That left my Abbott who I renamed Biff. I couldn’t bear to part with him and I adopted him. He is a very weird cat and he fits in my home perfectly!

Thank you for allowing me to foster and adopt my Biffykins! Thank you for all the hard work taking in critters in need.

By Bobbi Hanson, Angora, MN.

I met Archie, now known as Little Man, through my work as he came into the clinic due to his handicap— he is missing both radius bones in his front

legs and walks bent at his elbows. The concern was whether he was in pain and would need to have his legs amputated and given a cart.

I walked in Monday morning to see this little kitten sitting serenely and patiently in the kennel room and his little brother (Abbott) next to him putting up a huge fuss (see photo of Abbott and Archie). I picked him up and carried him around with me while I did my morning routine and was in love in the first 20 minutes.

I asked if I could take him home for a few days to acclimate him to my home before his surgery as I had intentions of fostering/ adopting. It quickly became clear that he was king of the castle. He wrestled and played with my dogs and harassed my older cats with all the attitude I’ve come to expect from your typical orange kitty. He leaps and twists and jumps and pounces with all the abandon of your average cat.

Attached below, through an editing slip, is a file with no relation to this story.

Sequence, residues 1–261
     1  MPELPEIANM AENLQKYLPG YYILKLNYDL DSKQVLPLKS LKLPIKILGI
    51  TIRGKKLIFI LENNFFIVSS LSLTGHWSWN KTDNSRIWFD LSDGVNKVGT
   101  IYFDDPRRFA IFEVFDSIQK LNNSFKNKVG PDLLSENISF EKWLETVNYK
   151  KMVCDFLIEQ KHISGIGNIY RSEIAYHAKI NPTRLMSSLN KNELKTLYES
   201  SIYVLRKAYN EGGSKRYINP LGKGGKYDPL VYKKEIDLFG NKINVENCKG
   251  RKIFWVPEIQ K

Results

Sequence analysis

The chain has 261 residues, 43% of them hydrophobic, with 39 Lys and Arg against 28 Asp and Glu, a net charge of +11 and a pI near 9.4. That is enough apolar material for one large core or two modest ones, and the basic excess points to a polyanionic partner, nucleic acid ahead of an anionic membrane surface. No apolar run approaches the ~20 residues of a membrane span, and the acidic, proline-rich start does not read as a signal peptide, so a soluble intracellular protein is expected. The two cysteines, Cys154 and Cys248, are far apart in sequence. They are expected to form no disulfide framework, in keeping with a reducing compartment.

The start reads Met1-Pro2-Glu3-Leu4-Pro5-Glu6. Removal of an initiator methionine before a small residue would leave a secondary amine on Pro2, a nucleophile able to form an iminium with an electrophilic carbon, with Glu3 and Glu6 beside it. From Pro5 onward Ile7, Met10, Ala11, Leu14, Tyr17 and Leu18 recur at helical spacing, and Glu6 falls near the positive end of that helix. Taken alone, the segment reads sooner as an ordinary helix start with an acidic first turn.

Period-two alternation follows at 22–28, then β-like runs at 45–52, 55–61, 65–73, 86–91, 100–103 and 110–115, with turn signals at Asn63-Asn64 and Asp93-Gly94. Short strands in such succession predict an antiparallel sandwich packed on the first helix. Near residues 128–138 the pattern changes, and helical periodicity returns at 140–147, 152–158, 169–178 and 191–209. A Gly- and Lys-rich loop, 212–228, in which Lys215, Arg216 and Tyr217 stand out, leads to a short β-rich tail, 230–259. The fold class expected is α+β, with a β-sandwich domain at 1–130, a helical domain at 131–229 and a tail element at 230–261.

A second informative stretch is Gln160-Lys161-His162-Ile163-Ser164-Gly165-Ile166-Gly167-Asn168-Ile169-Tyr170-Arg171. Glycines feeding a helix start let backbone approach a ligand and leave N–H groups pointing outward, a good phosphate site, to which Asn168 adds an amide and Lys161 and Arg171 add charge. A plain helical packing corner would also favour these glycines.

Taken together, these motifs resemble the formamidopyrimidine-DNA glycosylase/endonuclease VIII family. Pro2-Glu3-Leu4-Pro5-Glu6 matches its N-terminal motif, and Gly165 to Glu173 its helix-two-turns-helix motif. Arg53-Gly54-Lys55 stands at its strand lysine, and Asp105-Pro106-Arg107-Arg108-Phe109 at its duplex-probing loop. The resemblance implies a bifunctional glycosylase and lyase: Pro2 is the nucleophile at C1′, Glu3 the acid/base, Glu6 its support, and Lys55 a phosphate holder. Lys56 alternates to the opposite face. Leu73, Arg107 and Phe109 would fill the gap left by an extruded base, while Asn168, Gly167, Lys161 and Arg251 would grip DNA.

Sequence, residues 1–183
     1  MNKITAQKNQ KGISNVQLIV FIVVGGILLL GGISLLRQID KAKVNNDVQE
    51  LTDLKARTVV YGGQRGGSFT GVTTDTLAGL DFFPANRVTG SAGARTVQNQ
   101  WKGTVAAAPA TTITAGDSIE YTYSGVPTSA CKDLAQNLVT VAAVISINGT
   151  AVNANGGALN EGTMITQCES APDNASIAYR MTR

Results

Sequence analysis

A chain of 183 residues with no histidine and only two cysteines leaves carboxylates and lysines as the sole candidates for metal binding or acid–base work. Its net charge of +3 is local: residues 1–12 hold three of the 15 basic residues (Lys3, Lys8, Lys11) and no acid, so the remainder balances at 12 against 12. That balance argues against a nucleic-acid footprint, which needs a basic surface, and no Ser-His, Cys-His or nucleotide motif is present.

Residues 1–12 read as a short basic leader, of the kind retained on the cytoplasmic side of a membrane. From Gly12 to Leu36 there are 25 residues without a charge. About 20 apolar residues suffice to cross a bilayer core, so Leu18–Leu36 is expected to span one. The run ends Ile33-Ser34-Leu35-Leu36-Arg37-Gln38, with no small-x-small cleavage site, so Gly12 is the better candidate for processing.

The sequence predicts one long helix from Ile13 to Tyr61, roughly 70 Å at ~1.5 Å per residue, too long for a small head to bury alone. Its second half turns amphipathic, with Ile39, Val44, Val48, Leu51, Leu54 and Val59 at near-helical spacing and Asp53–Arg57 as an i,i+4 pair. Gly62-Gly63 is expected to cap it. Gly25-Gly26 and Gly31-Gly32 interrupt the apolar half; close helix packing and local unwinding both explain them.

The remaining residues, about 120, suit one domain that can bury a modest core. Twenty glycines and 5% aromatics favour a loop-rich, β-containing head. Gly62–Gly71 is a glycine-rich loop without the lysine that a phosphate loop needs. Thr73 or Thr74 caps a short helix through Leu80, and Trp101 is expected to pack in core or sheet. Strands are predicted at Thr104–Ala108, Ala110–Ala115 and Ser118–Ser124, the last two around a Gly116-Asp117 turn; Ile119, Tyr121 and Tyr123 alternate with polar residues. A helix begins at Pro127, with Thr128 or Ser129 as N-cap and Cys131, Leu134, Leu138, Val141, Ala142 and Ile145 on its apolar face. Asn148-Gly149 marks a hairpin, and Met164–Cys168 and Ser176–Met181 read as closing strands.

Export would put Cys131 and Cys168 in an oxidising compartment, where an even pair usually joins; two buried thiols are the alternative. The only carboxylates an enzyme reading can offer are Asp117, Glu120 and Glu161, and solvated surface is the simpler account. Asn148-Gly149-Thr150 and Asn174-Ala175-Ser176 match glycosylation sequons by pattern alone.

Having just recently lost my father, Archie/Little Man quickly became a welcome distraction and friend, cuddling with me in the night when the pain and loneliness was the worst.

It quickly became clear that surgery would not be necessary and that he was meant to be in our lives. The only concessions I’ve made to his handicap is a senior cat tree so he can climb up to sit in his favorite windows.

When people see him and ask me what’s wrong with him, I say nothing is wrong with him, because it’s true. Little Man may technically be handicap, but like all orange cats he’s not listening.

By Jennifer Busha, Palo, MN.